May 31st, 2022

May 2022 Policy News Round Up

The Mental Health Matters Act was approved by the House Education & Labor Committee, a state bill on college accommodations was passed in Arizona, OCR announced intent to review 504 regulations, a virtual summit on students with disabilities and mental health, and hearing on teacher shortages. See how NCLD worked on behalf of students with disabilities this month.

The Mental Health Matters Act, Which Includes the RISE Act, Approved by the Education & Labor Committee

On May 18, the U.S. House Education and Labor Committee approved the Mental Health Matters Act. This is a comprehensive piece of legislation that serves to address the mental health crisis for students, workers, and families. The RISE Act, which would streamline the process of obtaining accommodations in college, is included within this bill (see Title V). The next step is for the bill to be considered by all members of the House of Representatives.
Read more here.

State Bill in Arizona Passes to Improve Access to Accommodations in College

A state bill modeled after the RISE Act was passed on May 18 in Arizona. This is a bill that requires colleges and universities in the state to accept a student’s Individualized Education Program (IEP) or 504 plan as proof of a disability when obtaining accommodations. Colleges and universities are also required to share the policies adopted to meet the requirements of HB 2031 with students, faculty, and the public in accessible formats. 

Office of Civil Rights Announces Intent to Amend Section 504 Regulations 

The Office of Civil Rights (OCR) at the U.S. Department of Education (ED) is currently seeking suggestions from the public about how to best improve the current regulations of Section 504 of the Rehabilitation Act. Section 504 is a law aimed at eliminating discrimination on the basis of disability in any program receiving federal assistance. Since being signed in 1977, the Department of Education’s Section 504 regulations have remained, with a few exceptions, unaltered. no changes have been made to the regulations. NCLD and other disability rights groups are working together to provide comprehensive recommendations on ways in which to strengthen these regulations to ensure individuals with disabilities do not face discrimination in all aspects of life.  

See here for more information or to provide comments.

ED Hosted Virtual Summit for Supporting Mental Health and Students with Disabilities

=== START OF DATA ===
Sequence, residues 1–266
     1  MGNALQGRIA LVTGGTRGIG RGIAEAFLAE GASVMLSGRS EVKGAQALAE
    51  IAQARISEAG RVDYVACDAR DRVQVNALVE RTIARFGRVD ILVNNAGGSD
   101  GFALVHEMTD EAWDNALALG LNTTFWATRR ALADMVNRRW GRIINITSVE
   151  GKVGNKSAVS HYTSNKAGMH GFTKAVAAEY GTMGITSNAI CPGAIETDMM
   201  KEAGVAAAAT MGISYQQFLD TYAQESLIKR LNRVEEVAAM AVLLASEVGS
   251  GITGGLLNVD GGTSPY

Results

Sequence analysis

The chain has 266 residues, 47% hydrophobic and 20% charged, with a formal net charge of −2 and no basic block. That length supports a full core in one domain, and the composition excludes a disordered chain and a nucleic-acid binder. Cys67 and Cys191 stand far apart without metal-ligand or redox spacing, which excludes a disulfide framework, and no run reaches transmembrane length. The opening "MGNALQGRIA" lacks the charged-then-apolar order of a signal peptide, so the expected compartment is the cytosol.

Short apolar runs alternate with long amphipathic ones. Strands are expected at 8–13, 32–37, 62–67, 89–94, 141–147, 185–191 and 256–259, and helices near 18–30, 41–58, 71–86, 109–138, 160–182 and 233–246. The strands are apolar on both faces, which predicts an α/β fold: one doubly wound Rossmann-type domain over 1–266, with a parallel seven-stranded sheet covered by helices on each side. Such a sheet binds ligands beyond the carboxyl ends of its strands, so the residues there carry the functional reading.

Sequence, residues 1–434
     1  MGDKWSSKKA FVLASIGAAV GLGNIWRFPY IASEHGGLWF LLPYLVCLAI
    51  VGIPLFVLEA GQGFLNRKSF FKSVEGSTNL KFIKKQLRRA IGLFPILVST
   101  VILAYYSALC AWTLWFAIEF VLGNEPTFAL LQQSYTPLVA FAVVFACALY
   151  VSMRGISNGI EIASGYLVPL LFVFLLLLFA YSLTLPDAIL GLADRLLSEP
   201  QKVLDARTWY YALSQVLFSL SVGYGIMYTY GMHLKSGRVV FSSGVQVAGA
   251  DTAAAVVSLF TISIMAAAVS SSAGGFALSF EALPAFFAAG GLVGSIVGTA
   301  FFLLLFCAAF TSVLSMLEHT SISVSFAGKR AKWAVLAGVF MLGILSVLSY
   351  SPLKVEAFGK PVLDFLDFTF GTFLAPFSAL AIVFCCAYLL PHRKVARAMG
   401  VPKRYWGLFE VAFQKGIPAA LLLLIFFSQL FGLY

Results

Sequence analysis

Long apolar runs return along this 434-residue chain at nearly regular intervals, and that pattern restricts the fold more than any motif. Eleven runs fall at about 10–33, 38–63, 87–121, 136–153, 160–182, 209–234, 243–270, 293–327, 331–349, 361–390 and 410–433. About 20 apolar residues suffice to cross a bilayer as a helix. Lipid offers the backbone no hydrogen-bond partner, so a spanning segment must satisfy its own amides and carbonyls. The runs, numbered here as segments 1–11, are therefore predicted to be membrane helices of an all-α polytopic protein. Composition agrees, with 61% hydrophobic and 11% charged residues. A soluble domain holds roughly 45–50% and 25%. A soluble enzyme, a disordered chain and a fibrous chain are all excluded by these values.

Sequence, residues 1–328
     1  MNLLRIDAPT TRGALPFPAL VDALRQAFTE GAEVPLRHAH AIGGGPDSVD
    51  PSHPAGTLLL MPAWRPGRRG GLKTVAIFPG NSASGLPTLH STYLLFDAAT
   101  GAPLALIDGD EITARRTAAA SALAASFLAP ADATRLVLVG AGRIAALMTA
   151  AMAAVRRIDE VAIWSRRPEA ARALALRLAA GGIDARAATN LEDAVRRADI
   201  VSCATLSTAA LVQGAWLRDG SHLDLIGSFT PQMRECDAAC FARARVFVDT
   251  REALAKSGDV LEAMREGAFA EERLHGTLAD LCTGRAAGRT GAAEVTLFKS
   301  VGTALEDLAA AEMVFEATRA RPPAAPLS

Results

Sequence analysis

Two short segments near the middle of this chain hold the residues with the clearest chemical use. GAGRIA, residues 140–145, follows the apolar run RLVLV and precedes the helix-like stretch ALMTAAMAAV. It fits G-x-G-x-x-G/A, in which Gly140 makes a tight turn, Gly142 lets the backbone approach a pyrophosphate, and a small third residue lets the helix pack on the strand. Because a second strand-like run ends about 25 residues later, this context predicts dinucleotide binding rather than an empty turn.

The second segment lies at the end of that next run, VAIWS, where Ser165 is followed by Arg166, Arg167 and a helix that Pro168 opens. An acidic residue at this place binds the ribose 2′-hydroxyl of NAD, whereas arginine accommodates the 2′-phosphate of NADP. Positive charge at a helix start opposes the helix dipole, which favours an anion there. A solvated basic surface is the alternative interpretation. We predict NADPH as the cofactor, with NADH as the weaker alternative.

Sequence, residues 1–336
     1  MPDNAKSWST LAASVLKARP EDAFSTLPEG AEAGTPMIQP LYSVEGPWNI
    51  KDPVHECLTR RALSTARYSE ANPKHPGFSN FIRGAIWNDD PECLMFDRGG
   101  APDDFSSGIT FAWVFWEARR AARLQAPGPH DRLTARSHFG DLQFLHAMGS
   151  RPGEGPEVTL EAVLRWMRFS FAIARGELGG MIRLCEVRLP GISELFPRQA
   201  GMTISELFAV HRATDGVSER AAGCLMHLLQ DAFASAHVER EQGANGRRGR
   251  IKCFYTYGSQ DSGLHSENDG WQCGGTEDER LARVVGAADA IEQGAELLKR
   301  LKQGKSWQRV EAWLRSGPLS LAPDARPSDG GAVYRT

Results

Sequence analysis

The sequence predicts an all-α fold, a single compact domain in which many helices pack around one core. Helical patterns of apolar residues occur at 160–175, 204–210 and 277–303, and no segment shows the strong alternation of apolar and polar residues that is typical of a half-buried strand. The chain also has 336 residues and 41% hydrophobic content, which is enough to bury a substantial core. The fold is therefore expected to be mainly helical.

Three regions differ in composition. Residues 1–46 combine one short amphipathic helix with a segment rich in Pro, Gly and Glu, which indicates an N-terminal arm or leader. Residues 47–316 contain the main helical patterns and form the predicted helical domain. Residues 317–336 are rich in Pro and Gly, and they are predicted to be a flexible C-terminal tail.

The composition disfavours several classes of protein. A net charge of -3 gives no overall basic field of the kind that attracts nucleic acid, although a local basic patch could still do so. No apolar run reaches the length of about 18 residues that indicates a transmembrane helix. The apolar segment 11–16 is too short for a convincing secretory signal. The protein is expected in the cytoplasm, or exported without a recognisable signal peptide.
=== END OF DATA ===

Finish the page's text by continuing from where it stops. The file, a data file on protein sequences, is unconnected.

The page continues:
On May 24, the U.S. Department of Education hosted a first-of-its-kind summit to iterate steps to support students with disabilities and mental health needs as we emerge from the pandemic. During the event, NCLD’s Young Adult Leadership Council member Brody Mandelbaum presented on a panel about web and digital accessibility. The event also highlighted using COVID-19 relief funds to provide mental health services and supports in schools and institutions of higher education.

Appropriations Committee Holds Hearing on Addressing Teacher Shortages

On May 25, the House Appropriations Departments of Labor, Health and Human Services, Education and Related Agencies subcommittee held a hearing to look for ways to address the nation’s educator shortage crisis. 48 states and the District of Columbia reported shortages of special education teachers. The witness list included longtime NCLD partner, Dr. Jane West, who provided testimony about the shortage crisis of educators of students with disabilities and the importance of increasing funding for the IDEA Part D personnel preparation program for FY 2023, which NCLD also supported in our appropriations request. 

View the hearing and the witnesses’ testimony here.

In Case You Missed It

  • For a second year, NCLD will award 12 COVID-19 impact scholarships to current college students. Applications close on June 19, 2022. 
  • NCLD will recognize the achievements of one courageous and innovative educator and one administrator for this year’s Everyday Champion Awards. Nominations close on July 11, 2022.
  • A new study highlights the disparities in IDEA funding. The researchers evaluated the distribution of IDEA Part B funds and found that states with proportionally larger populations of children experiencing poverty, children identified for special education, and non-white students receive fewer IDEA dollars.

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